Posted by Bryan Gutierrez on February 18, 2013 under Commentary | Read the First Comment

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It’s time for another round of Bloom and Doom. For those that missed the first batch of it in December, here you go. January’s batch can be seen here.

In an effort to keep the discussion going, I sought out ESPNDallas.com’s Tim MacMahon for his opinion on pressing issues for the Dallas Mavericks. You can view MacMahon’s coverage of the Mavericks at ESPNDallas.com. You can also follow him on Twitter @espn_macmahon. Periodically, we are going to touch base and discuss topics with our own unique point of view.

MacMahon likes to call it like he sees it. That perspective can hover on the other end of the spectrum from my optimistic viewpoint on things. You could say it’s a classic case of good cop, bad cop. Our different perspectives should make for an interesting conversation on hot topics revolving around the Mavs. This round of bloom and doom really hits the crux of it all with the team. Everything is right in MacMahon’s wheelhouse, and the second-to-last question might be the hardest one I’ve had to answer.

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Microeconomics

Posted by Ian Levy on under Commentary, Roster Moves | Read the First Comment

A Pocket Full of Change

On Friday, at Hickory-High, Ming Wang put together a really interesting piece sharing an interesting new strategy for examining the tradeoff between production and cost for the contracts of NBA players. Here’s the rationale and method in his own words:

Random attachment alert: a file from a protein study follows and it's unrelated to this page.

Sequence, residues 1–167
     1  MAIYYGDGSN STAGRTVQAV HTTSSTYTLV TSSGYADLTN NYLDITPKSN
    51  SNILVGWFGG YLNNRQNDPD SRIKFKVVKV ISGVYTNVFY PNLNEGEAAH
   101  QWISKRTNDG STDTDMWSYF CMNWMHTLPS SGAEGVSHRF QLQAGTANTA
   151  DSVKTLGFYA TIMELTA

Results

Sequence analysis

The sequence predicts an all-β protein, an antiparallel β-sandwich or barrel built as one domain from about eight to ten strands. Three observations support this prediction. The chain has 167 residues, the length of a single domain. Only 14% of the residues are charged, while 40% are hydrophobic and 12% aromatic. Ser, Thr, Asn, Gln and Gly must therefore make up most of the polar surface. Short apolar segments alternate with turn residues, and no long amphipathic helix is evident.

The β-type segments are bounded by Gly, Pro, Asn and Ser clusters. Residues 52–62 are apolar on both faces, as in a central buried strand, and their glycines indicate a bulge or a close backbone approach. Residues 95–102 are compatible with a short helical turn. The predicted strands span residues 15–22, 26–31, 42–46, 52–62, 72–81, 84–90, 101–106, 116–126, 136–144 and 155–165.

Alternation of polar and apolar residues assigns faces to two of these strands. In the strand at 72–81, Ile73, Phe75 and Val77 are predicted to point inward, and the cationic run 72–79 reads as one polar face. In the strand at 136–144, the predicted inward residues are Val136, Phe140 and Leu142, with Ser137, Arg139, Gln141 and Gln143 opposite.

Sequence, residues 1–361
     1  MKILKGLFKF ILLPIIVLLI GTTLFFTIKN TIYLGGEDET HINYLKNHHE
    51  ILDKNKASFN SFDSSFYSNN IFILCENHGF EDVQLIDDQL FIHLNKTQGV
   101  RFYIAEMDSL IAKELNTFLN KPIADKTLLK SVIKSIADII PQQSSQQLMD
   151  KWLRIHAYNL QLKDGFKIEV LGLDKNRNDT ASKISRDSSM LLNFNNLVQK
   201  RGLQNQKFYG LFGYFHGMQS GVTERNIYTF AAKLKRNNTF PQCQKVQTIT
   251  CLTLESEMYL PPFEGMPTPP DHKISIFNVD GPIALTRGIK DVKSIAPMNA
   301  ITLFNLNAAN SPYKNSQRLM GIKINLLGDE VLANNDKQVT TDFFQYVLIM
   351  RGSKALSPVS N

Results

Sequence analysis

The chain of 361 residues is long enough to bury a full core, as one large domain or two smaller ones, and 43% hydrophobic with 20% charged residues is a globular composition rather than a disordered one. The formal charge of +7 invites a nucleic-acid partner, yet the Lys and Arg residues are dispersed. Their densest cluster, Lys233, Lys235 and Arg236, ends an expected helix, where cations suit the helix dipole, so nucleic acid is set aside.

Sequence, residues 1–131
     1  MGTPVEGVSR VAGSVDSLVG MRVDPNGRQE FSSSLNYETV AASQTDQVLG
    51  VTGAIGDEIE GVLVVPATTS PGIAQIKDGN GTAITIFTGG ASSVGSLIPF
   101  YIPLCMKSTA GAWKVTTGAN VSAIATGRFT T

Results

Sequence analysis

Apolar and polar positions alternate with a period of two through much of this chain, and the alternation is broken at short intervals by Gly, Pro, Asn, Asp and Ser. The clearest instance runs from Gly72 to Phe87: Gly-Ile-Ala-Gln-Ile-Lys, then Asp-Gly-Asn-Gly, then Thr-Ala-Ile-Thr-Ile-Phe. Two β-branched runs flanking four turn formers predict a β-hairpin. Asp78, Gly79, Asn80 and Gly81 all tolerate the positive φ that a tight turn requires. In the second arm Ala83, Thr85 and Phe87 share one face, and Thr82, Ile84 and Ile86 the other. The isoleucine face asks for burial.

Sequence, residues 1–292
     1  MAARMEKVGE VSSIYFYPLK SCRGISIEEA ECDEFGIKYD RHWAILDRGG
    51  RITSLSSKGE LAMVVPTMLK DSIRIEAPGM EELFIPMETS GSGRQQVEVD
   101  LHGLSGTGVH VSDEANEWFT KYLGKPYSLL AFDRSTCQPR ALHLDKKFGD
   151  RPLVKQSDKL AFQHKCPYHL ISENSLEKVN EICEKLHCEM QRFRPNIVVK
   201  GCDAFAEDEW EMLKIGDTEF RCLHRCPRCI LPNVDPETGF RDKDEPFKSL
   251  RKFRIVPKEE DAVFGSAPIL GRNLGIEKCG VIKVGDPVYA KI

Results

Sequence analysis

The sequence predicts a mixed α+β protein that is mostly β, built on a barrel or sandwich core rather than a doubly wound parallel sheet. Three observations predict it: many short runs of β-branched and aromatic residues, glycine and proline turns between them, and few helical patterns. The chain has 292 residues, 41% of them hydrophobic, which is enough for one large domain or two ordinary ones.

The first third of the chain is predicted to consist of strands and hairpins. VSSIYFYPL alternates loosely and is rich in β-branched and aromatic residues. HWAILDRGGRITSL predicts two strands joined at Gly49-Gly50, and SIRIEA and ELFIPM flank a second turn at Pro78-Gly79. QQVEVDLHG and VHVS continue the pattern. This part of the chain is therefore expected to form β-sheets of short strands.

A few weeks ago, Kevin Pelton of ESPN looked at the best contracts in the NBA by multiplying a player’s WARP (wins above replacement level) by the average amount that teams pay for each WARP. I’d like to approach this same problem from a different angle: namely, how much value are teams getting out of the salaries they pay their players? Instead of looking at WARP, I’ll focus on win shares, another metric of player value. While Pelton’s methodology assumes that the overall NBA salary market is priced correctly (therefore attaching a value to each WARP a team pays for), my method makes no assumptions about overall pricing accuracy and instead seeks to evaluate relative player salary and performance.